Frontiers in Clinical Drug Research - Anti-Cancer Agents

Volume: 3

Targeting the Warburg Effect for Cancer Therapy: A Long and Winding Road

Author(s): Patrícia L. Abreu and Ana M. Urbano

Pp: 271-324 (54)

DOI: 10.2174/9781681082899116030006

* (Excluding Mailing and Handling)


In the 1920s, Otto Warburg, one of the leading biochemists of the 20th century, uncovered a striking phenotype of cancer cells: their increased dependence on lactic acid fermentation for energy production compared to that of the normal cells from which they derived. Warburg viewed this metabolic particularity of cancer cells, which came to be known as the Warburg effect, as a driving force in carcinogenesis. This perception suggested a novel path for cancer therapy, a strategy that Warburg himself proposed and defended with passion to his death. However, for many decades, both his metabolic theory of cancer and suggested therapeutic approach were essentially ignored by cancer researchers, who were mostly focused on the genetic basis of the disease and on the intricacies of the pathways known to promote cellular proliferation, differentiation and death. Still, thanks to the combined efforts of those who chose to pursue Warburg’s line of research, experimental evidence supporting and extending Warburg´s findings on the metabolism of cancer cells accumulated. In the 1980s, 18F-deoxyglucose positron emission tomography (18FDG–PET) was implemented in the clinic. This metabolic imaging technique, which is based on the avidity of cancer cells for glucose, represents, to this day, the only successful exploitation of the Warburg effect for medical purposes. The wide success of 18FDG–PET in the diagnosis and staging of tumors is among the factors most responsible for renewing interest in the central carbon metabolism of cancer cells. This renewed interest was further boosted by the discovery of multiple links between central carbon metabolism and cellular proliferation, differentiation and death and culminated in the recent classification, by Weinberg and Hanahan, of tumor metabolism as an emerging cancer hallmark. Tremendous research effort is now being devoted into a more detailed and comprehensive elucidation of the metabolic rewiring that accompanies neoplastic transformation and, unsurprisingly, targeting the metabolic peculiarities of tumors has become a hot topic in drug discovery. This chapter summarizes past and current efforts at targeting the Warburg effect for selective cancer therapies.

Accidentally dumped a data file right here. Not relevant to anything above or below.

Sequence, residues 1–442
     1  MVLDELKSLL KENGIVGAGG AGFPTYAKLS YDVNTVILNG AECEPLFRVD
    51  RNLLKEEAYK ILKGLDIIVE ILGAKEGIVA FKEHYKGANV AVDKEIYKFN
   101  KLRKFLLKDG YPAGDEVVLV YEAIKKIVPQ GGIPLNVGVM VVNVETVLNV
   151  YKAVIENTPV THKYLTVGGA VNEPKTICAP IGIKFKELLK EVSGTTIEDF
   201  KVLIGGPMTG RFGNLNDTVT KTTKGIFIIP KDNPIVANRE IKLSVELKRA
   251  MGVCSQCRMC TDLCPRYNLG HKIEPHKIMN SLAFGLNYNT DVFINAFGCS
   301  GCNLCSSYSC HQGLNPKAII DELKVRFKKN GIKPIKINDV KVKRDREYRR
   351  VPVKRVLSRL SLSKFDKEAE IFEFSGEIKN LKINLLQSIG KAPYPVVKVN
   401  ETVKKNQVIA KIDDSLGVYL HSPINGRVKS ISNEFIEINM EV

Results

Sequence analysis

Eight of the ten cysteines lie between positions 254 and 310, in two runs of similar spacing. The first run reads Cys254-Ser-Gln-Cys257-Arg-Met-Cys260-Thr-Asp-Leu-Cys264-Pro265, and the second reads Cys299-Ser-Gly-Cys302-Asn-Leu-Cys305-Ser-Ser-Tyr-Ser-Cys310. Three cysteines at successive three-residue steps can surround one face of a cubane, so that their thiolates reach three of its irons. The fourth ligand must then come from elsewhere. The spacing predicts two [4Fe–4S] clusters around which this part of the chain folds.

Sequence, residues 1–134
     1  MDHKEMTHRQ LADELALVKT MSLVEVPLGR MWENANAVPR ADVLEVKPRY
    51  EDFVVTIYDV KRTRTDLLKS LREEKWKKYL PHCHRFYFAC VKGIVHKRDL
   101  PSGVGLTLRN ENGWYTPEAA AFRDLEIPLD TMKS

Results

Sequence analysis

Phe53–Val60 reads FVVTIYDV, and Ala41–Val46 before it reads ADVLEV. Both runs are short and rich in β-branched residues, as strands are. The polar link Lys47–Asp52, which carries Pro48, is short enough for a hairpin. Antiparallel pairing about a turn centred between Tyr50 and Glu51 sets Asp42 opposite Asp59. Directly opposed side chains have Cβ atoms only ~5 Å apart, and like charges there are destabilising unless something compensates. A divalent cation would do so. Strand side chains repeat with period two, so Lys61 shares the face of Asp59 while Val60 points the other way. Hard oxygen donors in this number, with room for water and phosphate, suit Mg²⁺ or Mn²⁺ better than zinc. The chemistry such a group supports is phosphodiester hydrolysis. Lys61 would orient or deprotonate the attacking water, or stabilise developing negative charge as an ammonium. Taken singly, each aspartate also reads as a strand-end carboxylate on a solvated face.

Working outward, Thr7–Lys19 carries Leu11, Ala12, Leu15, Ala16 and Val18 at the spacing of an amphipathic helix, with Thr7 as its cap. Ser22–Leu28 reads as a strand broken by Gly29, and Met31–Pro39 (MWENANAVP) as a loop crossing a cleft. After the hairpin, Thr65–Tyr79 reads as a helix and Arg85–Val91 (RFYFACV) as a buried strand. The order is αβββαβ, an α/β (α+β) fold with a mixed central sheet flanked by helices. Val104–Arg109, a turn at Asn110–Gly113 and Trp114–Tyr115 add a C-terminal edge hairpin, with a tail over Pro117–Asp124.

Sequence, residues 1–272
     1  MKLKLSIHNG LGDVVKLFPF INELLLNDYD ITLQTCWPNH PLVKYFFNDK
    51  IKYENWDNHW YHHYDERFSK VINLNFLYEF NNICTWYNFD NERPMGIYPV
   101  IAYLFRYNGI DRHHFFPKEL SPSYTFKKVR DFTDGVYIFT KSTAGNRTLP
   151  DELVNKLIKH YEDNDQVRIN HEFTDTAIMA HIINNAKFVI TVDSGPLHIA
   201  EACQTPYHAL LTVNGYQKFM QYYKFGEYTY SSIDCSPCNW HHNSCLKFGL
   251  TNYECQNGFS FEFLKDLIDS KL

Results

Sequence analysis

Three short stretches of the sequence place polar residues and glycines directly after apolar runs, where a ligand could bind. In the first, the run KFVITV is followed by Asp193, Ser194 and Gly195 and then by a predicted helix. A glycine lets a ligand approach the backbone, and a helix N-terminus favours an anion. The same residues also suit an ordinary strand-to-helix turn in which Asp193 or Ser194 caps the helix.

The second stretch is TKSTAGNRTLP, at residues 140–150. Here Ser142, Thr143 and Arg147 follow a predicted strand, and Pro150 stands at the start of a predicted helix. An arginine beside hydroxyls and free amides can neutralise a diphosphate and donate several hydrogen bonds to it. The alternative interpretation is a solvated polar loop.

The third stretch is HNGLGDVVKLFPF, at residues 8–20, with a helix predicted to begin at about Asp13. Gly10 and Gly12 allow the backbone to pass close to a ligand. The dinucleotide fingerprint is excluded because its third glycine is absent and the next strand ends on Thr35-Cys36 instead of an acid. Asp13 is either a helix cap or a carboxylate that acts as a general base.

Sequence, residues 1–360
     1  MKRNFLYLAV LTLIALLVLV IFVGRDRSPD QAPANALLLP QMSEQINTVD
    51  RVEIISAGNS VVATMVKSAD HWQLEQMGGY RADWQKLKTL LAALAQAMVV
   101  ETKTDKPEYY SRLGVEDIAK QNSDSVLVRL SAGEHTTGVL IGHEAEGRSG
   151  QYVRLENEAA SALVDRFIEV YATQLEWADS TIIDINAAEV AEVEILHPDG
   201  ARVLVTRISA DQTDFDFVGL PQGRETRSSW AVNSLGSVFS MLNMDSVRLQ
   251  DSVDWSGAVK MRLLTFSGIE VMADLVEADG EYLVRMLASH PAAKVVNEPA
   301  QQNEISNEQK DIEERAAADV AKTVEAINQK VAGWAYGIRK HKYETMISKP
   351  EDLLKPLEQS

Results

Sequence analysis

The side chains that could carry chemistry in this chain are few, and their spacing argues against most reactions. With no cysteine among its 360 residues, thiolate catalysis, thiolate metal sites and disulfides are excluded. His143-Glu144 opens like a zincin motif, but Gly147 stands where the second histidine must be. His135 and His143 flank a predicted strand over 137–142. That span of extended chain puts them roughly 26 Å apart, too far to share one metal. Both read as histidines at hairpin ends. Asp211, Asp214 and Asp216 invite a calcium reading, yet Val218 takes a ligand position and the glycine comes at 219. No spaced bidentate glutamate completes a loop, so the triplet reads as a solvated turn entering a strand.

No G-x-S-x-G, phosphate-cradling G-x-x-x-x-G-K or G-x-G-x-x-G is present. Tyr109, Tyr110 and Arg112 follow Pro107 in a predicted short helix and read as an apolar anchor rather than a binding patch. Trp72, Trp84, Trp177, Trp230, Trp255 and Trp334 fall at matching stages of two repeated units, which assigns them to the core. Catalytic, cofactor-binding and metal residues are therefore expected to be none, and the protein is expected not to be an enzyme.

Keywords: Aerobic glycolysis, Central carbon metabolism, Clinical trials, Diabetes, Emerging cancer hallmark, 18F-Deoxyglucose positron emission tomography (18FDG–PET), Hypoxia, Ketogenic diet, Metabolic cancer therapies, Metformin, Pasteur effect, Targeted cancer therapies, Warburg effect.

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